As the editor of the Captain Marvel comic, I witnessed firsthand how the audience transformed around Danvers’s re-imagining. A contingency of superfans coined the Carol Corps celebrated the change as a sign that comics were becoming more welcoming to female audiences. Two years later it was announced that Captain Marvel would be a stand-alone film. For fans and those of us working there, it was an emotional and historic moment. For Larson, it was a role she had unknowingly waited for her whole life.
Larson compares it to seeing Indiana Jones for the first time when she was young. “I remember losing my mind,” she says. Harrison Ford’s character became her ideal. “I couldn’t think of a female equivalent,” she says. “There was Sigourney Weaver in Alien, of course, but there wasn’t enough of that spectrum of confidence and sass and a little bit of a mess, just a mix of everything. Women weren’t allowed to do that.” When she got the first draft of the Captain Marvelscript, she had finally found her female Indy.
Saving the universe would take a great deal of preparation. Larson endured intense physical training for nine months and was eventually able to dead-lift over 200 pounds and hip-thrust over 400 pounds. (There’s video proof on Instagram of the latter, after which she drops the weights and scarfs down a cookie.) Larson even pushed her trainer’s Jeep up a hill. “The movie is not really going to look any different with the fact that I can actually lift 225 pounds. It doesn’t matter to anyone else, but it did to me,” she says with a sense of pride. “Breaking that boundary of what it means for a woman to be muscular and strong and own your body and use it as a tool, that felt meaningful.”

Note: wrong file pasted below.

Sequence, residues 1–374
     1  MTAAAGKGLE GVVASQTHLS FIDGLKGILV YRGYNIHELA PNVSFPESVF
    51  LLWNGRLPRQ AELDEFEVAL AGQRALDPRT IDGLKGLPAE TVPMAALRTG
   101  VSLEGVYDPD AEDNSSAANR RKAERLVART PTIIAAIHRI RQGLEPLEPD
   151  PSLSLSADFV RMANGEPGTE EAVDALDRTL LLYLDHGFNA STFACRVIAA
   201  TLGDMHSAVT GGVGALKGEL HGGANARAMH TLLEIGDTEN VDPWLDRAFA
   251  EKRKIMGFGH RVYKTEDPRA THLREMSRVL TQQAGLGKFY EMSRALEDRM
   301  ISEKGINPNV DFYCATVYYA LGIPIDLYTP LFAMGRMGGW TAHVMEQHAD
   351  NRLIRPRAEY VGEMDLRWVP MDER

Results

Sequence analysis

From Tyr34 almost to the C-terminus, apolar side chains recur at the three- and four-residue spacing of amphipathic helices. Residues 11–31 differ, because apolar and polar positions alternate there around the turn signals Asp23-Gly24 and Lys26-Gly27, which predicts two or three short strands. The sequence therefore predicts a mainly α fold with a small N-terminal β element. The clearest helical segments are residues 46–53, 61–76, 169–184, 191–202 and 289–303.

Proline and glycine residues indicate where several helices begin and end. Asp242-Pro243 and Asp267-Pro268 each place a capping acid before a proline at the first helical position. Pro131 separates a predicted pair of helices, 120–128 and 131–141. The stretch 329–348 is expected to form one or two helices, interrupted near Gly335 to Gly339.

Larson’s training wasn’t all physical. To round out Danvers’s character, she met with members of the U.S. Air Force. “Her focus, ambition, and humor all come from the pilot in her,” says Larson. And then there was the mental preparation: To navigate the impending pressure of potentially becoming a global icon, Larson got some simple advice from Marvel’s Captain America, Chris Evans. He told her that he viewed the hoopla surrounding the role (billboards! superfans! merch!) as if it were “happening to someone else.” Larson has taken that to heart and now responds to seeing herself on toy packaging with a healthy disconnect. “I don’t think, ‘Look, that’s me!’ I think, ‘Oh, that’s odd.’ ”